CAMPAIGNING FOR OTHER CANDIDATES

Opinion No. 170 (1994)


QUESTIONS:
1. May a judge of a district, county or J.P. court running for reelection or candidate for any such office hand out campaign material for candidates of one's own political party along with one's material and recommend to people that they vote for these candidates?

2. May a judge of a district, county, or J.P. court running for reelection or candidate for any such office hand out campaign material for candidates of one's own political party along with one's material without making any endorsement but with the request that the voters consider these other candidates?

3. May a judge of a district, county, or J.P. court running for reelection or candidate for any such office hand out a campaign piece produced and paid for by one's own political party that contains an advertisement for such judge along with advertisements for the other candidates?

4. For any of the activities described above which are determined to violate the new code, would it be permissible for one's spouse to engage in such action?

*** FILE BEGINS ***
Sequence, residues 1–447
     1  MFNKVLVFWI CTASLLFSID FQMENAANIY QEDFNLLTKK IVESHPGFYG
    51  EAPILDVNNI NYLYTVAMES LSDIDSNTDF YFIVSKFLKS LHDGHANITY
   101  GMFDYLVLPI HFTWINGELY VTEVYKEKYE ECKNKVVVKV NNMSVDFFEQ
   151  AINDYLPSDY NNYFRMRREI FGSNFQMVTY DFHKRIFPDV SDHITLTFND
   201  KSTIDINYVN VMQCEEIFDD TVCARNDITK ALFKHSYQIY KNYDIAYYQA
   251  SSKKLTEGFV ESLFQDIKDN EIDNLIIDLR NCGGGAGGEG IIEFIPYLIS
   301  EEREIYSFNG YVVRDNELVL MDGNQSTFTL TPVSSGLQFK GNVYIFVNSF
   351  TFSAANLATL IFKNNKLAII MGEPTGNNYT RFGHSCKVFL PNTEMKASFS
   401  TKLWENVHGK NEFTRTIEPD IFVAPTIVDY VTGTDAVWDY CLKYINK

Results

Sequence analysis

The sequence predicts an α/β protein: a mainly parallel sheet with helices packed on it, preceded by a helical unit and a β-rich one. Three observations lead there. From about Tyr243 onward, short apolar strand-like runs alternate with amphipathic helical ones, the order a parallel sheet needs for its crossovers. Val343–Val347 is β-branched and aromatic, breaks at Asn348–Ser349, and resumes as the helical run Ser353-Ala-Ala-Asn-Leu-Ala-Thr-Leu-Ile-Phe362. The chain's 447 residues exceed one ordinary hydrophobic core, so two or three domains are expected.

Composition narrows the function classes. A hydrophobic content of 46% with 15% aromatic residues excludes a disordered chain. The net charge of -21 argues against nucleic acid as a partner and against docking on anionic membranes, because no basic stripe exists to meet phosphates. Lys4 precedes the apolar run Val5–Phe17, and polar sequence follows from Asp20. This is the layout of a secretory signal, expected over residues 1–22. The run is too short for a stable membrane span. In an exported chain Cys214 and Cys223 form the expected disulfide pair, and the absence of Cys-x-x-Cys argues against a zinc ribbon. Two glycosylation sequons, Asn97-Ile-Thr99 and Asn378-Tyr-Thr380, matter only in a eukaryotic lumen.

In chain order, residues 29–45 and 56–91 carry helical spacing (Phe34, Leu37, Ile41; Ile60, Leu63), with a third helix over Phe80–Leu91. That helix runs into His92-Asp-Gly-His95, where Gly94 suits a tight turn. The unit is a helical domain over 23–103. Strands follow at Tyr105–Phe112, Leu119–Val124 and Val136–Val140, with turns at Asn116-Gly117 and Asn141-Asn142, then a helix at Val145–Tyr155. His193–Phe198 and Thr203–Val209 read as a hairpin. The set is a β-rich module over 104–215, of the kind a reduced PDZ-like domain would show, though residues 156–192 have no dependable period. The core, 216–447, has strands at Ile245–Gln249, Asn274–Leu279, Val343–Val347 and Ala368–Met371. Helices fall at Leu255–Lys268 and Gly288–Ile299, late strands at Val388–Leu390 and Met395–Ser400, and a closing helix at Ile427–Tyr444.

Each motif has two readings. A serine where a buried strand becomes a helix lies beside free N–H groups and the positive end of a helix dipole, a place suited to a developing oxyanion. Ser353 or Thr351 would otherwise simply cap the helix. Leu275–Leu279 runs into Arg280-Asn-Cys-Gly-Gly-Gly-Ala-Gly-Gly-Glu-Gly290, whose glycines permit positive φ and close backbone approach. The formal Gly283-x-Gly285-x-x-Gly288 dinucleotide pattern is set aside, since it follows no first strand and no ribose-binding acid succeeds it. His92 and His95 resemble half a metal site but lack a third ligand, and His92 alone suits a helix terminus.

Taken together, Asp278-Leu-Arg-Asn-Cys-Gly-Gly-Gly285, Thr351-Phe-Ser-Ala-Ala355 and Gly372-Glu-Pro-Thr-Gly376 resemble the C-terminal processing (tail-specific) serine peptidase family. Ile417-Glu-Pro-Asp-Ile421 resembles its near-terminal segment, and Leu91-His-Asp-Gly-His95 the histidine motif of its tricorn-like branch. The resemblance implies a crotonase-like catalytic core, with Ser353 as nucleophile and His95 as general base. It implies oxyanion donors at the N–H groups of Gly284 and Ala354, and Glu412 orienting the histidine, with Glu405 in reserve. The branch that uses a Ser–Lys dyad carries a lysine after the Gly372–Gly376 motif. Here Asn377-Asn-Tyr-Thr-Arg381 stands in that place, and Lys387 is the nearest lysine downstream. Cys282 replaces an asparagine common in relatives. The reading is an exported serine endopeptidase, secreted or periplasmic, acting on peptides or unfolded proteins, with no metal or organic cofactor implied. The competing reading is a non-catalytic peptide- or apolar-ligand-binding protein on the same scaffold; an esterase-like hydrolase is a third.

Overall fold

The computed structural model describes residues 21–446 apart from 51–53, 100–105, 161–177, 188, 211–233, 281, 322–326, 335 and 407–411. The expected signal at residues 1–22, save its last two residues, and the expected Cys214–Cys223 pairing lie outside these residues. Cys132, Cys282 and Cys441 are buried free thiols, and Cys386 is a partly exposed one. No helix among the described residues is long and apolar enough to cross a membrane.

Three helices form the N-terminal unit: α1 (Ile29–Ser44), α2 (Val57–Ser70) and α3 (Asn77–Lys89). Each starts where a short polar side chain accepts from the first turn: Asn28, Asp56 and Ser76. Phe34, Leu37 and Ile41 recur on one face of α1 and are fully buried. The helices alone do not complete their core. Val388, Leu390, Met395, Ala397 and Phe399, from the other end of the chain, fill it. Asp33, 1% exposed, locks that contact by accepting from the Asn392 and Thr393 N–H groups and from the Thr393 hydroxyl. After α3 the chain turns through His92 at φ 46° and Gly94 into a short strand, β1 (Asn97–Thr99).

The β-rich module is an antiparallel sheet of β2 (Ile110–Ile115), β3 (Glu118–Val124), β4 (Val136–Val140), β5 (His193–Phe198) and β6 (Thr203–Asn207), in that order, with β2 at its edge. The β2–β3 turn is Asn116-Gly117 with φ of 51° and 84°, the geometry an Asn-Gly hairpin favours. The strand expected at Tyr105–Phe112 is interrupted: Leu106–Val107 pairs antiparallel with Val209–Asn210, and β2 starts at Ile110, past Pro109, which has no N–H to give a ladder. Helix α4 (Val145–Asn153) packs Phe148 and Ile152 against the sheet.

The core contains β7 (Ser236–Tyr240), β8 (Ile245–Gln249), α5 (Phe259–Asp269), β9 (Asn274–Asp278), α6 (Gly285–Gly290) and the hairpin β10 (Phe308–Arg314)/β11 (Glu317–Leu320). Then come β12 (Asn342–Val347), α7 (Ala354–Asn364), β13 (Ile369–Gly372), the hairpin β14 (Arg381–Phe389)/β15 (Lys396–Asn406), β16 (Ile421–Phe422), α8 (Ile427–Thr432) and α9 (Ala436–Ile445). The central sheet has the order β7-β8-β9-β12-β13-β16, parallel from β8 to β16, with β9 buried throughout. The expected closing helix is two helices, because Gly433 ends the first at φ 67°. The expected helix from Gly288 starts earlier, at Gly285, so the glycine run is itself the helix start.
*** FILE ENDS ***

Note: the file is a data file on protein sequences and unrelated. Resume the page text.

ANSWERS:
It is the opinion of the Committee that the first three questions are prohibited by Canon 5(3)* of the Code of Judicial Conduct which provides in the first sentence, "A judge or judicial candidate shall not authorize the public use of his own name endorsing another candidate for public office except that either may indicate support for a political party."

Public activity by handing out campaign material for another candidate by a judge or candidate for judge as set out in Questions 1 through 3 would be a public endorsement. Articulating a "recommendation" as set out in Question 1 or by asking "consideration" as set out in Question 2 would merely be another form of public endorsement.


*All Canon references are to the Code of Judicial Conduct effective March 1, 1994.

Question 3, although it does not involve articulating support for another, still involves an overt act of personally handing out campaign material for another candidate and would be a public endorsement.

Opinion No. 100 concluded that joint campaign activity by two judge candidates would violate the Canon 2 prohibition against lending the prestige of judicial office to advance the "private interests" include candidacy. See also Opinions No. 73, 92, 136, and 145.

Question 4 involves the conduct of a spouse of a judge. The Code does not attempt to regulate the activities of a judge's spouse so this conduct would not be prohibited.